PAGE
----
So my question is who's supposed to be working on these cars at dealers anyway? I know most dealerships think this is just a regular focus, and I'm fine with regular mechanics working on common parts like the infotainment or whatnot, but I don't quite trust them when it comes to unique parts on a car that they think they know well of, because thinking you know something while you don't often leads to stuff going wrong; for what I know they didn't even seem to know how to put the undertray back properly. I believe I heard or read somewhere that only SVT mechanics went through the training course for this car? Was I wrong for asking for an SVT mechanic?
Just stop. Your car isnt special. Not really. It’s a parts bin car, nothing super complicated to worry about.


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To ease your mind, all you actually need is a Master Tech that's certified to work on the FoRS. (Especially for the HG work)
 

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Yeah I'm about to do my own oil change, and yes I hate letting anyone I don't know or trust work on my car, but current conditions can't allow me to invest in much garage equipment. I was booking to get them to look at the steering pull when stopping, and some metal rattle from the exhausts that I couldn't figure out the source.

I have a feeling that either regular mechanics didn't read the service manual on this car or some just can't seem to understand it. How the undertray was supposed to be installed was fairly obvious to me and I legit don't know how someone could put it back wrong, most likely just some irresponsible mechanic not giving a flying f*uck if things will fall apart after you leave.
Ya, the quality of workmanship is very much dealer dependent. That's a super frustrating part of the "Ford experience," and turned many people here off from buying Ford again. If you grab yourself some 56" Race Ramps and install some jacking bars, you can do almost all of the work that you need to do in your driveway.

Race Ramps - 2 Piece 56" Low Profile Ramps - RR-56-2 Canada :: Race Ramps Canada :: Shop Online :: Fast Toys Performance Parts

The pulling when braking could be a braking issue but likely a bad alignment. Don't trust the dealer to do an alignment. If it's free, sure, but don't pay money for it. I'd bet a beer that they can't duplicate the metal rattle from the exhaust.
 

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You have to ask if they have a tech with experience with the RS, though the service manager will dictate policy decisions.

My experiences with two dealers:

- Missed an oil leak

- Undertray not attached to the brace clip, missing nylon clips, all screws finger tight. To their defence the service manual I have is poor re this part. But now I know they have zero experience with the RS

- Brake fluid fill tank cap not tightened, fell off on the drive home from dealer spilling brake fluid. I found the cap in the engine bay . . .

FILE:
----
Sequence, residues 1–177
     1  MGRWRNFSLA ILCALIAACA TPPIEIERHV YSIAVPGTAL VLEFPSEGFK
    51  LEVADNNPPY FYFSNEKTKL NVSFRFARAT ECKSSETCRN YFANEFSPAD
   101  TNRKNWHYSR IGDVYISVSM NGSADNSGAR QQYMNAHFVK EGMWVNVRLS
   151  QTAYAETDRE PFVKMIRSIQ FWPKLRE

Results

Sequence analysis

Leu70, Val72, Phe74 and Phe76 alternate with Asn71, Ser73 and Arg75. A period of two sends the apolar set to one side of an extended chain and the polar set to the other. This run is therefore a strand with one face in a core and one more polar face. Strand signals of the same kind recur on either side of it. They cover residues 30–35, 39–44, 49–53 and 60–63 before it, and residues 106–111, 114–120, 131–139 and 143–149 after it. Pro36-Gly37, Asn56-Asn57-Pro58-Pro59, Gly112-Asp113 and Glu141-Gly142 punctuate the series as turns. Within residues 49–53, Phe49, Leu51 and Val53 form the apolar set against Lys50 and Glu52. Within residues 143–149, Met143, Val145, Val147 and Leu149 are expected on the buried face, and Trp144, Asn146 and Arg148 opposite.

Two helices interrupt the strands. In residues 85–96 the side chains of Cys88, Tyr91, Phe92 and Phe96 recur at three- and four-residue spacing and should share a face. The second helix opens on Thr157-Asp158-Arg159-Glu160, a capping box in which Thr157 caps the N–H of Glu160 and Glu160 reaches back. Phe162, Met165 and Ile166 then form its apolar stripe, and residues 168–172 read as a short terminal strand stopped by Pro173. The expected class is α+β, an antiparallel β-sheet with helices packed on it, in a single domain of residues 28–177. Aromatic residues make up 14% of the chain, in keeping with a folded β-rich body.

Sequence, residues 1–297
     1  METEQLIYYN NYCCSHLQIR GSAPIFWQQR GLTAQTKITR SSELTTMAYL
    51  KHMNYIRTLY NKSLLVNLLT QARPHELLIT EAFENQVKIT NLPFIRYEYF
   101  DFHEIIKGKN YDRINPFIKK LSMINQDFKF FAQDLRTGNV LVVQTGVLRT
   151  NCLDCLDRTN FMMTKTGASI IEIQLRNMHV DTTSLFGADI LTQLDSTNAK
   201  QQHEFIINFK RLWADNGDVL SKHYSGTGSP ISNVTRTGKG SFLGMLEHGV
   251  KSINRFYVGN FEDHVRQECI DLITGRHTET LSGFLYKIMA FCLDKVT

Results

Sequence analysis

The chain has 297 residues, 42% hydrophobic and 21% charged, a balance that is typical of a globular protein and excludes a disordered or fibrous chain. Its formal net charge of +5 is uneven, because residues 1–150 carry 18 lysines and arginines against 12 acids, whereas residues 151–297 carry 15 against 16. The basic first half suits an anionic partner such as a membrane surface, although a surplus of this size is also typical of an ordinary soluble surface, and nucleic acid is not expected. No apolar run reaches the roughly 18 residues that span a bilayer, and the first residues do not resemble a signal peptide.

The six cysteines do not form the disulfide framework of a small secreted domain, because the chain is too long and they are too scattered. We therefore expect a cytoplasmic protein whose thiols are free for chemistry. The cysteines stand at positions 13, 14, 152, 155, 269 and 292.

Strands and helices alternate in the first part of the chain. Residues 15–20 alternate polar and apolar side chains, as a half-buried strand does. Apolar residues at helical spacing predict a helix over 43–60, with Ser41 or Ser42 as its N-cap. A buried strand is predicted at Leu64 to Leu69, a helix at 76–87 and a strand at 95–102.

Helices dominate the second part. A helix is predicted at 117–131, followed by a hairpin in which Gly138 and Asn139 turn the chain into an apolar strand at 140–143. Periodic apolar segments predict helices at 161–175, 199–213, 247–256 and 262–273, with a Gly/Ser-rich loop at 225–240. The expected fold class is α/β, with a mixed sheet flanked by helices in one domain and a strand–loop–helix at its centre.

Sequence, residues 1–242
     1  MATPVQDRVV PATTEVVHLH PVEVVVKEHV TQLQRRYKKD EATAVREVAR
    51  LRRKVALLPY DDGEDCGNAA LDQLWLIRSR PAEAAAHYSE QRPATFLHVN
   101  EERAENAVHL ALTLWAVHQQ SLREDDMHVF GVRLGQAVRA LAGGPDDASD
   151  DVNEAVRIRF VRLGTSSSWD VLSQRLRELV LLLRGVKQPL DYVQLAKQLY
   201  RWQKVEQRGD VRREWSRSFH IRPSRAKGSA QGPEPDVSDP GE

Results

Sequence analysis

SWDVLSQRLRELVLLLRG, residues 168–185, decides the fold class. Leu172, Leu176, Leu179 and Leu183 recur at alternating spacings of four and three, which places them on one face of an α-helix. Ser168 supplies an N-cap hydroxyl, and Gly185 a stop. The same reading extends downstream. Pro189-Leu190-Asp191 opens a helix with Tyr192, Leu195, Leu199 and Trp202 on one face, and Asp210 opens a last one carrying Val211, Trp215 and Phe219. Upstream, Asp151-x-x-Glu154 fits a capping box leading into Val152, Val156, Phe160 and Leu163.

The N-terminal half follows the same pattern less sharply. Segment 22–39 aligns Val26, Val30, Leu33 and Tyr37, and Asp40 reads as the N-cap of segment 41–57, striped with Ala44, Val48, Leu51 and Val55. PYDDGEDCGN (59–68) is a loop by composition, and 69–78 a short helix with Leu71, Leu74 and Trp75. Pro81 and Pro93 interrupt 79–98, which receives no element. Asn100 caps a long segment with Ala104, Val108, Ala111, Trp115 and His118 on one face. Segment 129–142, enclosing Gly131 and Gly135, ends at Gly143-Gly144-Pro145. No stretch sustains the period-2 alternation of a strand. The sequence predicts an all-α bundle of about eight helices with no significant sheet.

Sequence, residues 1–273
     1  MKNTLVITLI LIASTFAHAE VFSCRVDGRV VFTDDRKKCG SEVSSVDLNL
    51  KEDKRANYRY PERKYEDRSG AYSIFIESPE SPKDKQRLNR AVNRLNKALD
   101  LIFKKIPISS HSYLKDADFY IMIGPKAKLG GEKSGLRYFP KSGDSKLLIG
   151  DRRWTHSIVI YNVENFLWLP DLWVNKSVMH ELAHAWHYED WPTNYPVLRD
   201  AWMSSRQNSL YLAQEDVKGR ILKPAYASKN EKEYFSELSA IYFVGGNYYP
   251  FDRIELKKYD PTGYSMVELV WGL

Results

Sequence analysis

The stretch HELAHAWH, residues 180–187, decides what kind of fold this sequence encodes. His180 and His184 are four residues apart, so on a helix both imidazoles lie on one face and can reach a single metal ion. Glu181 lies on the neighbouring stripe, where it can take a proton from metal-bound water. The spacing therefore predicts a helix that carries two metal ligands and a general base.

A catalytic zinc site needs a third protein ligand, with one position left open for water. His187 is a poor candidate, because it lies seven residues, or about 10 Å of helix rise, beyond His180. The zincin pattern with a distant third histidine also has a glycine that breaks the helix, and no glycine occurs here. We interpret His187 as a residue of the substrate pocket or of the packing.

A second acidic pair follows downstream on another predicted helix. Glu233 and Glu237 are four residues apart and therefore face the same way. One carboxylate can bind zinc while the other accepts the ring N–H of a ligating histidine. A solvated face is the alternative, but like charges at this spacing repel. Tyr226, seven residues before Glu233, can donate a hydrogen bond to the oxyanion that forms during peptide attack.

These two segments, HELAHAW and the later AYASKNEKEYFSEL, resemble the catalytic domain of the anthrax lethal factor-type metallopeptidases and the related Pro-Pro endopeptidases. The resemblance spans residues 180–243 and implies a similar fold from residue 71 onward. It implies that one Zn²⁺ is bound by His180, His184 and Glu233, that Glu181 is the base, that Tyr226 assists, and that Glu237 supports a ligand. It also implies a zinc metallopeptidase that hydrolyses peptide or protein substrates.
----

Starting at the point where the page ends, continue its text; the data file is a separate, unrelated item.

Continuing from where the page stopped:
- Plastic residue on front fender and headlight from an impact. It should buff out. Occurred when hood was open i.e. not at home.

- Dent high on rear door, way too high for a parking lot. Dealer took responsibility, but could not keep or make an appointment to fix it. I paid for it.

- Could not adjust shift cables

- Installed clutch slave line above between shift cables. It should be below. The stress from contact popped off the slave line. I fixed it.

- Oil & brakes I do, because of event schedule vs maintenance schedule

- Time for service taking two the four times (days) time estimated

- Rarely phoning to advise on progress / delays

- Unable to keep service appointments

- Inconsistent lug nut torques

Major work has been done competently. Warranty has been respected. Front line staff have been fine.

I suggest you cancel your maintenance program and start buying tools!
 

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I'm happy for all of you that do your own work, and I've been there - but the return on investment (time versus cost) on doing my own work is terrible. Nowadays I've found it's much, much easier and less stressful to have a mechanic (dealership or otherwise) who I am willing to rely on.

This is something the good luxury dealerships have figured out and capitalize on. Roll into a Lexus dealership with a $25k CPO and they'll take great care of you, while Ford boggles at what to do with their customers who have anything remotely special.
 

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I'm happy for all of you that do your own work, and I've been there - but the return on investment (time versus cost) on doing my own work is terrible. Nowadays I've found it's much, much easier and less stressful to have a mechanic (dealership or otherwise) who I am willing to rely on.

This is something the good luxury dealerships have figured out and capitalize on. Roll into a Lexus dealership with a $25k CPO and they'll take great care of you, while Ford boggles at what to do with their customers who have anything remotely special.
I agree with that. I’m an RS owner and my loaner car is a base fiesta. Ya. No that sucks.

But Lexus will put me in a new GS.


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Discussion Starter #13
You have to ask if they have a tech with experience with the RS, though the service manager will dictate policy decisions.

My experiences with two dealers:

- Missed an oil leak

- Undertray not attached to the brace clip, missing nylon clips, all screws finger tight. To their defence the service manual I have is poor re this part. But now I know they have zero experience with the RS

- Brake fluid fill tank cap not tightened, fell off on the drive home from dealer spilling brake fluid. I found the cap in the engine bay . . .

- Plastic residue on front fender and headlight from an impact. It should buff out. Occurred when hood was open i.e. not at home.

- Dent high on rear door, way too high for a parking lot. Dealer took responsibility, but could not keep or make an appointment to fix it. I paid for it.

- Could not adjust shift cables

- Installed clutch slave line above between shift cables. It should be below. The stress from contact popped off the slave line. I fixed it.

- Oil & brakes I do, because of event schedule vs maintenance schedule

- Time for service taking two the four times (days) time estimated

- Rarely phoning to advise on progress / delays

- Unable to keep service appointments

- Inconsistent lug nut torques